Asia Minor is believed to have been the original home of rye. By the middle ages it was established as a major crop in central and northern Europe. Later, in America, rye was used to make an alcoholic drink as well as to provide food. South from the from the Arctic Circle through Scandinavia and the Soviet Union and into northeastern Europe, Germany and parts of France, the production and popularity of rye is the greatest. The English have never cared for rye, but rather have preferred as white a loaf of bread as they could get. Still, everyone but the wealthy ate flour milled from a mixture of wheat and rye, barley and rye or even from oats and rye. In A.D. 857, thousands of people died in the Rhine Valley because of a virulent fungus called ergot which infected the ripe heads of rye Further outbreaks of ergotism seem unlikely because strict precautions are now taken to insure that infected rye is not milled.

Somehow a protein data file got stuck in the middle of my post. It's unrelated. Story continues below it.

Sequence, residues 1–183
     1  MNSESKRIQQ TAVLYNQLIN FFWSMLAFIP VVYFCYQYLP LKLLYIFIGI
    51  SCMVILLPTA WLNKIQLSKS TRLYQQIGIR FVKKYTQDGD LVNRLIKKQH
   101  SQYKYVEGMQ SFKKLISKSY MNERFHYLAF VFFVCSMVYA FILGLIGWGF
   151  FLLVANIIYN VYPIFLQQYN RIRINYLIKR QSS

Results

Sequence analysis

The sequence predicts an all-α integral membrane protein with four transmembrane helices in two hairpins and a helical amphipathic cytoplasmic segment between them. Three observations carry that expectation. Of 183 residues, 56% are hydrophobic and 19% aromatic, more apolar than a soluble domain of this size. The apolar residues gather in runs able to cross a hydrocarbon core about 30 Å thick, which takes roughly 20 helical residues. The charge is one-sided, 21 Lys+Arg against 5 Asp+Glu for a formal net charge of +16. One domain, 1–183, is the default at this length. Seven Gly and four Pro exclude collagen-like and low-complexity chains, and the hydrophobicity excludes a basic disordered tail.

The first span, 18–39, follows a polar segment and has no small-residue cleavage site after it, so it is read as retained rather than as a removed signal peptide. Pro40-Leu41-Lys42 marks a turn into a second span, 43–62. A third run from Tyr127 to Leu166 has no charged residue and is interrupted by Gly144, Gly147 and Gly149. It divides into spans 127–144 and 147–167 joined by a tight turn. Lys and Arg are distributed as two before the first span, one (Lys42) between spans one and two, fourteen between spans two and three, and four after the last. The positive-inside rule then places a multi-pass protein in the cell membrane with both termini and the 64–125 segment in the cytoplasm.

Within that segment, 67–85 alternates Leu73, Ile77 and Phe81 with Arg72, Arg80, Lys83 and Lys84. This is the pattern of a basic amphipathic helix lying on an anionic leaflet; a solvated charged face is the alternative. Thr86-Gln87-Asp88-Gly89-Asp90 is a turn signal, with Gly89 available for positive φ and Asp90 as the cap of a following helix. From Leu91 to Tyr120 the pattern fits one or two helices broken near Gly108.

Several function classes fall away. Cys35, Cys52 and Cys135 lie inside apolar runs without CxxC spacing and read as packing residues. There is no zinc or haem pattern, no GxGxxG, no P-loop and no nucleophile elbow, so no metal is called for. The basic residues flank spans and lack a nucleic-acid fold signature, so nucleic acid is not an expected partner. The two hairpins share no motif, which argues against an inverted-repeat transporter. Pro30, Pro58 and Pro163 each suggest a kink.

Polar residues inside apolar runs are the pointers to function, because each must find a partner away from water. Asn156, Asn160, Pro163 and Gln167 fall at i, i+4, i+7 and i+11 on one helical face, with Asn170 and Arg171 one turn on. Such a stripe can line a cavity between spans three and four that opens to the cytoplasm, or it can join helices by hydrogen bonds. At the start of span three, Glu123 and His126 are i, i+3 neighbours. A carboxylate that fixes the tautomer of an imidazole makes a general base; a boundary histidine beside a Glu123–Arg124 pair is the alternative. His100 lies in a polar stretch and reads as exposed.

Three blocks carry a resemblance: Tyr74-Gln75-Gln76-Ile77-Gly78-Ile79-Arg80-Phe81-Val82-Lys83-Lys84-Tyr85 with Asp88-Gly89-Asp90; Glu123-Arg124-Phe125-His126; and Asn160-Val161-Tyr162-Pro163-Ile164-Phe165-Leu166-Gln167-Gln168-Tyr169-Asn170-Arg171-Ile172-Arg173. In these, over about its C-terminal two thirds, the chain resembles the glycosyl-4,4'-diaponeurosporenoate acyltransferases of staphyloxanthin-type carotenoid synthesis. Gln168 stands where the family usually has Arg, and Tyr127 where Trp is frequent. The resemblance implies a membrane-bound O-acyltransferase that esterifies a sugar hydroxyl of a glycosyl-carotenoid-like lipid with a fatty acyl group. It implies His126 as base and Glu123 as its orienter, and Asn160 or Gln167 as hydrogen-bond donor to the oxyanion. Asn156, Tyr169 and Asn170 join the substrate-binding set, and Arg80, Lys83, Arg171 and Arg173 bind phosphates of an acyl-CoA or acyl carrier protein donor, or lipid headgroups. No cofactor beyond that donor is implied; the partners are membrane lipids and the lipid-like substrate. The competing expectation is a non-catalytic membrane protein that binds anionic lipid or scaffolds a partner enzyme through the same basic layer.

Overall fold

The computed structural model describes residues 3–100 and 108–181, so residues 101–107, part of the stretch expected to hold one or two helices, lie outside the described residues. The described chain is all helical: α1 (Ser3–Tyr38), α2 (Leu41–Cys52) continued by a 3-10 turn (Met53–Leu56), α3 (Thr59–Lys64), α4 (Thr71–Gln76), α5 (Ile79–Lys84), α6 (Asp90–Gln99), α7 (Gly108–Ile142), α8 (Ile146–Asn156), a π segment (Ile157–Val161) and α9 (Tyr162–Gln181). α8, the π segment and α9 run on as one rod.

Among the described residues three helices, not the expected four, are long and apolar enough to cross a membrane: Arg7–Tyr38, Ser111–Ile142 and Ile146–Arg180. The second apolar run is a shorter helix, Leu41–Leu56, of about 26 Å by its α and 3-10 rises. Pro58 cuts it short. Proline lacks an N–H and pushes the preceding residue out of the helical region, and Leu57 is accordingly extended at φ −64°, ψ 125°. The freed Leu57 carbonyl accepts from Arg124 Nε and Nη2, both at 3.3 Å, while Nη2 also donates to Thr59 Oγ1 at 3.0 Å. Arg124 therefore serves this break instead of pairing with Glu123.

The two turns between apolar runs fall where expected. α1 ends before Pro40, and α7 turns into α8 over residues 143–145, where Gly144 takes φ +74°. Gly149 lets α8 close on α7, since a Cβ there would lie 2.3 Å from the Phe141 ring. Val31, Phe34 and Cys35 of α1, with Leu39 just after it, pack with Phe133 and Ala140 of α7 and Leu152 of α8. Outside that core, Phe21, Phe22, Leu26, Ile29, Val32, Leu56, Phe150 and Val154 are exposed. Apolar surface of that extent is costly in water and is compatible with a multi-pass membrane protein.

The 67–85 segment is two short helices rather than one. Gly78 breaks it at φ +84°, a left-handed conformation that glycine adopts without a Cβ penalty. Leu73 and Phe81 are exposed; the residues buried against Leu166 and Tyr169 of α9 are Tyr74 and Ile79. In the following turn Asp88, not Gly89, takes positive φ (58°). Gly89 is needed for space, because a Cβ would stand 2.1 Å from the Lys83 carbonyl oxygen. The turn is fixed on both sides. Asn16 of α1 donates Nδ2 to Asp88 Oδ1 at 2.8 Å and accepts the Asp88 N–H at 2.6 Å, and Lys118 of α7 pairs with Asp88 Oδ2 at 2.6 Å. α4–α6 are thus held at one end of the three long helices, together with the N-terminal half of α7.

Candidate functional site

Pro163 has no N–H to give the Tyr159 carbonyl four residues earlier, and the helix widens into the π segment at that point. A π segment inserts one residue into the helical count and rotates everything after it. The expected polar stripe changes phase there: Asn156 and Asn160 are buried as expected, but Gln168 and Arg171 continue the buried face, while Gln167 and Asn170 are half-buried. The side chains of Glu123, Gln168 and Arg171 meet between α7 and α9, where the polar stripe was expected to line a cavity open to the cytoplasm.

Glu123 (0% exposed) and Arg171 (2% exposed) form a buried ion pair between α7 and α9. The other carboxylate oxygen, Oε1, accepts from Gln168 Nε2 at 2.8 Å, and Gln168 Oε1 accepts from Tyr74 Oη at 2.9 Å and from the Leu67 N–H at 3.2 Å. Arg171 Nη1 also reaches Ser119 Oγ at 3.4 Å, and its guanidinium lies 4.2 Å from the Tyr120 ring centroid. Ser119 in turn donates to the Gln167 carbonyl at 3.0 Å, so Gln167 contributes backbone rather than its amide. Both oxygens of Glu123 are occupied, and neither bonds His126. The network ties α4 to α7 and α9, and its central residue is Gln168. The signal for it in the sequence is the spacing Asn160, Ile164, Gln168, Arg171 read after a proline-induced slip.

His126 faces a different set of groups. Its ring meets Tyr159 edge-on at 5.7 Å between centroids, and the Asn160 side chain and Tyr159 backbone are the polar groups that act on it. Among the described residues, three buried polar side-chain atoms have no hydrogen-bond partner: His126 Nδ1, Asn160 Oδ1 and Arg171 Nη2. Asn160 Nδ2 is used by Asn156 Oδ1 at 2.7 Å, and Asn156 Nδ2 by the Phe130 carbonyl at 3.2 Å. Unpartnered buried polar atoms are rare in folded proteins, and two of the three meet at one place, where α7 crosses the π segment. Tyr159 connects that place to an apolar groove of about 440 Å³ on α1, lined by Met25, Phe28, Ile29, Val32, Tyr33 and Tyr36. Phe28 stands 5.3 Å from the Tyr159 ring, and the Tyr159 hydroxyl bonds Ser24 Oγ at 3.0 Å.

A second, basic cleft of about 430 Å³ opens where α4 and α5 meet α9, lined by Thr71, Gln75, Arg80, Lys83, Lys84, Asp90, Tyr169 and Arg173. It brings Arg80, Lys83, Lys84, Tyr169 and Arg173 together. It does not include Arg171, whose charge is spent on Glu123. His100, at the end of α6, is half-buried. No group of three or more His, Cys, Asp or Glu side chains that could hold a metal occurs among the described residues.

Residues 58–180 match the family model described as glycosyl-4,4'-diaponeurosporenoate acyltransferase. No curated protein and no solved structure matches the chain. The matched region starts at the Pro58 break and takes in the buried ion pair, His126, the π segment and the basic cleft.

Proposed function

Whole grain rye is 12% protein, is rich in B-vitamin complex, and provides generous amounts of iron, calcium, phosphorus and potassium. Overall, it contains higher concentrations of these nutrients than does whole wheat. Rye has the highest amount of lysine of all grains. (High-lysine cornmeal is now available,) The protein value of rye bread is considerably lower than that of wheat bread. Rye is low in gluten and must be combined with additional Vital Wheat Gluten or a high gluten grain such as wheat.
Rye is a good source of dietary fiber called arabinoxylan, a powerful antioxidant. It also contains compounds with potential bioactivities such as phenolic acids, alkylresorcinos and lignans. Whole grain rye improves bowel health, reduces the risk of diabetes and is a filling food, which helps control a healthy weight.
HOW TO PREPARE;
Basic cooked rye is made by using 3 parts water to 1 part grain. Bring the water to a boil; stir in the grain; return to a boil; then lower the heat and simmer, covered, for 40 to 50 minutes (or until the water is absorbed).
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